Monday, April 30, 2007

The Coming of Bill, by P. G. Wodehouse

One of things I really like about LibraryThing is that it enabled me to discover that there was an Overlook Press edition of a P. G. Wodehouse novel I didn't already own: The Coming of Bill. It's not his best book, but it isn't his worst by any means.

It's very different from his usual style. The back cover describes it as "The nearest Wodehouse ever came to writing a serious story," which is essentially true. Two characters die in the story. A couple gets together, gets married, has a baby, nearly gets divorced, and the gets back together again. In many ways, it's a sort of social commentary.

That's not to say that it isn't funny, because it is funny. There were several places where I laughed out loud. There are several of Wodehouse's standard character types: a butler (in this case Keggs who appeared in several other Wodehouse books), a meddling aunt, a boxer, and a business tycoon. This book has much to recommend it.

It's not quite as funny as some of Wodehouse's better known works, but it still is funny. The story is more serious than is typical for Wodehouse, but not detrimentally so. Really, The Coming of Bill deserves four and a halfyo-yos.


Thursday, April 26, 2007

Old Man Crow, by Charles de Lint

I've always been a fan of Charles de Lint's books. Unfortunately, a lot of his stuff has (so far) only been released by smaller presses (largely Subterranean Press), which charge way more than the larger publishers. This makes it difficult for poor people like me to get ahold of them. Still, I got a decent sized refund from the IRS and used some of it to get the relatively inexpensive ($18) Old Man Crow.

It's a great story. It's about one of the animal people, who was a crow dreaming that he's a man, but has become a man who dreams that he's a crow. It's a great story. Sadly, it's only 32 pages long.

Normally I'd give a story I liked this much a five, but I think $18 is way too much to pay for a 32 page book even if it is a limited edition by one of my favorite writers. So, I'm only giving it four yo-yos.


Sunday, April 22, 2007

Karavans, by Jennifer Roberson

Karavans is certainly an interesting read. I loved the characters. The plot was gripping. The world wasn't just a clich├ęd Tolkien wannabe. It was a great read.

Unfortunately, there was one thing that bugged me; too many things were unexplained. What the the hell is a dioscuri? A Wikipedia search turns up Castor and Pollux, which makes me think it's some sort of synonym for demigod or something, but the book doesn't do that good a job explaining it. Also, what's the deal with the mysterious moving forest Alisanos (which is home to demons and such)? The book also has an annoying cliffhanger ending, which always kind of ticks me off.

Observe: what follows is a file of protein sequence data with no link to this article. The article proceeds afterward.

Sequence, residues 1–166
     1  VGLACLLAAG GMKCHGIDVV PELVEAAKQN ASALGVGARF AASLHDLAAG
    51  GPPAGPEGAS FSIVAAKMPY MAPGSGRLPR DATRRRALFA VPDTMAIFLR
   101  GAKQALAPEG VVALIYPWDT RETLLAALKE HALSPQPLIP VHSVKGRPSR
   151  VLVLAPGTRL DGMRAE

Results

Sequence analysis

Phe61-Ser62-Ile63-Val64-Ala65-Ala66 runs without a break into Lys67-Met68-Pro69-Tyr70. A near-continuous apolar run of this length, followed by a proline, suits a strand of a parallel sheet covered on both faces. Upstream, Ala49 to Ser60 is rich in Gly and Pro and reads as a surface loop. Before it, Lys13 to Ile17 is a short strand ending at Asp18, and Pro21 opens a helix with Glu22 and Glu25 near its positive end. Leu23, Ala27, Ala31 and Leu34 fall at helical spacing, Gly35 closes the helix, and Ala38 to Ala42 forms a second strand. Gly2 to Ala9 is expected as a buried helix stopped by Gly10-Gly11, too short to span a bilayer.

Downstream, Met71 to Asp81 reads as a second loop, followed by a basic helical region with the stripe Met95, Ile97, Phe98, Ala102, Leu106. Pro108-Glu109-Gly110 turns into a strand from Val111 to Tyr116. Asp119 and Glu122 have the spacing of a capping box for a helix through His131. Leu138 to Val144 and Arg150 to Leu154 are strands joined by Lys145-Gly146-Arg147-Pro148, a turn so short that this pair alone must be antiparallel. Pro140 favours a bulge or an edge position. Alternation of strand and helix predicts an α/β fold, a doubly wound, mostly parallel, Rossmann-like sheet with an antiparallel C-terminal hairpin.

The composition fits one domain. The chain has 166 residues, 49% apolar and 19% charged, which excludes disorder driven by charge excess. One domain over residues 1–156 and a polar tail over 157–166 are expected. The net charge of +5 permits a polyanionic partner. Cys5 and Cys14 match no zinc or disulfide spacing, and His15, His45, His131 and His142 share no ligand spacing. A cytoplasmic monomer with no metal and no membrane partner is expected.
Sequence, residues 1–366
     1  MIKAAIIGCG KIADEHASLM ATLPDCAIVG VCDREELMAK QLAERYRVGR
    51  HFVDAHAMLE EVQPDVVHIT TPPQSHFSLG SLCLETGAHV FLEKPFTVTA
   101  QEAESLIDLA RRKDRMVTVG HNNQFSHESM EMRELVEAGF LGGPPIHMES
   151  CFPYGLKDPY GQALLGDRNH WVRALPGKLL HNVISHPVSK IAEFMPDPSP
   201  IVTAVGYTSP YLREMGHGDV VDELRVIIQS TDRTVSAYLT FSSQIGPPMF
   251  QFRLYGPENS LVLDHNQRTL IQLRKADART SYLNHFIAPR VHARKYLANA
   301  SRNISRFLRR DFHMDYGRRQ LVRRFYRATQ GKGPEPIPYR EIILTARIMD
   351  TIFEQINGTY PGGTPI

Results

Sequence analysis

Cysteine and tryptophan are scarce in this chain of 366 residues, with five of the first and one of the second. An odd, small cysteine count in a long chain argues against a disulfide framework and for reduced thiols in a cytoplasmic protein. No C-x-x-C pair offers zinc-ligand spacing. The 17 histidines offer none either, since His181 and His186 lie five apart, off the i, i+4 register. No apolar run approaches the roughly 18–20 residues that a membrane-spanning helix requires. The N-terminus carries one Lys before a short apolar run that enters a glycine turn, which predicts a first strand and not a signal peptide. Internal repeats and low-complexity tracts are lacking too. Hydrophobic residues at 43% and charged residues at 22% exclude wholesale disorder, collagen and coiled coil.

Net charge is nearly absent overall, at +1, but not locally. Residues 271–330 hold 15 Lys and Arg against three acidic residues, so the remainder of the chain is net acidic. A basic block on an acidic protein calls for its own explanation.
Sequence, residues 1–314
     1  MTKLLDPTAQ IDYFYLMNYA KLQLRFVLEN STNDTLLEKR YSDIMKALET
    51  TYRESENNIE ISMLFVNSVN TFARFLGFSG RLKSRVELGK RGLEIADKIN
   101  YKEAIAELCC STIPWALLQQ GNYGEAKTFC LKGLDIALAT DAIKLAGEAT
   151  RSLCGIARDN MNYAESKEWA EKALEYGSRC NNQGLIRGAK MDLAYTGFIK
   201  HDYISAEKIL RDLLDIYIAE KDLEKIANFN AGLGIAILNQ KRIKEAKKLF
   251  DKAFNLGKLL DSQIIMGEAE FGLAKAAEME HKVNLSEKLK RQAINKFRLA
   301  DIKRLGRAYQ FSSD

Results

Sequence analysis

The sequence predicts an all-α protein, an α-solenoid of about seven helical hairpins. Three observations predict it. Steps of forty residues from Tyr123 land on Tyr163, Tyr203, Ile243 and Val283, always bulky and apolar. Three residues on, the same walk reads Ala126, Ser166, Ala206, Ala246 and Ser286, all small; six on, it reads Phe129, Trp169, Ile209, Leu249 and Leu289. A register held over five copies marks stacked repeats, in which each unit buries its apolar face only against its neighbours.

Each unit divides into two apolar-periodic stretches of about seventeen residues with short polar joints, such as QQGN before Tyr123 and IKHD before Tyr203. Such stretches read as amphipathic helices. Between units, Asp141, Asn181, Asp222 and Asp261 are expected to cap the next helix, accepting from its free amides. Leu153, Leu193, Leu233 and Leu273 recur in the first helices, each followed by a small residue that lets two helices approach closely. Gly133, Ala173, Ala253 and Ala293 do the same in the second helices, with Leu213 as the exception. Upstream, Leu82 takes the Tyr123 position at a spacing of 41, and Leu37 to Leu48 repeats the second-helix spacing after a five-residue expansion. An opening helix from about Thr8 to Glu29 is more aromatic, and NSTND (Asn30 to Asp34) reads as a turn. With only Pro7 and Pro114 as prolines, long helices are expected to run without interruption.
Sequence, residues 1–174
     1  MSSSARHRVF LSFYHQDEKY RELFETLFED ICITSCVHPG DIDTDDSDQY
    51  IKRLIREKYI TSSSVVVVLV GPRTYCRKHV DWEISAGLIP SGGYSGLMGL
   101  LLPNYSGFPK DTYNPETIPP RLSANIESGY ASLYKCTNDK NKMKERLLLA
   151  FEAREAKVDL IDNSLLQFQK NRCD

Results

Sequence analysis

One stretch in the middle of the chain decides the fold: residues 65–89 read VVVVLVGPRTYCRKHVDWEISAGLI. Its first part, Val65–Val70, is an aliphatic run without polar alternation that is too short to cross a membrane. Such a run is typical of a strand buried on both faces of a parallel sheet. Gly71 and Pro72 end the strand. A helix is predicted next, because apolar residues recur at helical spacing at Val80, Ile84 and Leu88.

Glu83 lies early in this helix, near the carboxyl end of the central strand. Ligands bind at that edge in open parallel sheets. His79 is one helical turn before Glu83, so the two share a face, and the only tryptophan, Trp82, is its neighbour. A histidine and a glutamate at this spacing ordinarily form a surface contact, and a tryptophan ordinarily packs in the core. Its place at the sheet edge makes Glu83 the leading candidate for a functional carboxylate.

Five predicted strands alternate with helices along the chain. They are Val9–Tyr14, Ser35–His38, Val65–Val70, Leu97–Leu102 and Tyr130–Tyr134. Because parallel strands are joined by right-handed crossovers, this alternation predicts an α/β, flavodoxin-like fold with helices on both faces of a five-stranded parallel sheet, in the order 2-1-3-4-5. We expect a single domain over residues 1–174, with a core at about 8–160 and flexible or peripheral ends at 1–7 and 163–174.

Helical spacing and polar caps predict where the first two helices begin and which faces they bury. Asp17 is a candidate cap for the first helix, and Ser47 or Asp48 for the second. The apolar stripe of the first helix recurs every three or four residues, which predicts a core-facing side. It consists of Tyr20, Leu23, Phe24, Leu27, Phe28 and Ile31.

There are, of course, sequels in the works, and I will probably read them, and they will hopefully explain some of these things, but it still just annoys me when things aren't properly explained and when novels use cliffhangers. It doesn't tick me off enough to give Karavans a bad rating, but it ain't getting a full five yo-yos. It gets four.


Monday, April 16, 2007

Lord of the Isles, by David Drake

A few years ago, I picked up a hardcover copy of Lord of the Isles somewhere. For some reason, I never read it. Instead, I put it away and forgot about it. A few weeks ago, I picked up a $3.99 paperback edition.

I really wish I'd read it in hardcover. Then I wouldn't have wasted $4 on buying a paperback version of a book I owned in hardcover. Also, it's a great book, and it has quite a few sequels which I would have also read if I'd read the original.

The thing I like best about this book is the characters. They are very believable and well, interesting. The book also has a well-though-out system of magic, which is always a good thing in a fantasy novel that uses magic. There is a lot of action (especially at the end of the book). Really, this is a great all around book.

I give Lord of the Isles five yo-yos.




Friday, April 13, 2007

Bed Bed Bed by They Might Be Giants

After spending a few months being lazy, I've decided to go back to writing reviews. I'll start off with a book by my favorite musical group, They Might Be Giants. Sadly, while their music is great, their book ain't.

It's not a bad book. It's just okay. It's basically just an illustrated version of four songs (also included on a CD). The illustrations are alright (though I have seen better). The problem is that while these songs work well as songs, they don't make great poetry. Shel Silverstein (for instance) is way better. I didn't like the book part that much.

Of course, there is also a CD. That was pretty good, even if it is only four songs. "Impossible" was the only song I didn't like. I loved "Happy Doesn't Have to Have an Ending." "Idlewild" was good but short. "Bed Bed Bed Bed" is a new, more lullaby-ish version of "Bed Bed Bed" from their No! album. So the CD would rate as a bit above average, but not much.

I give Bed Bed Bed a mediocre three yo-yos.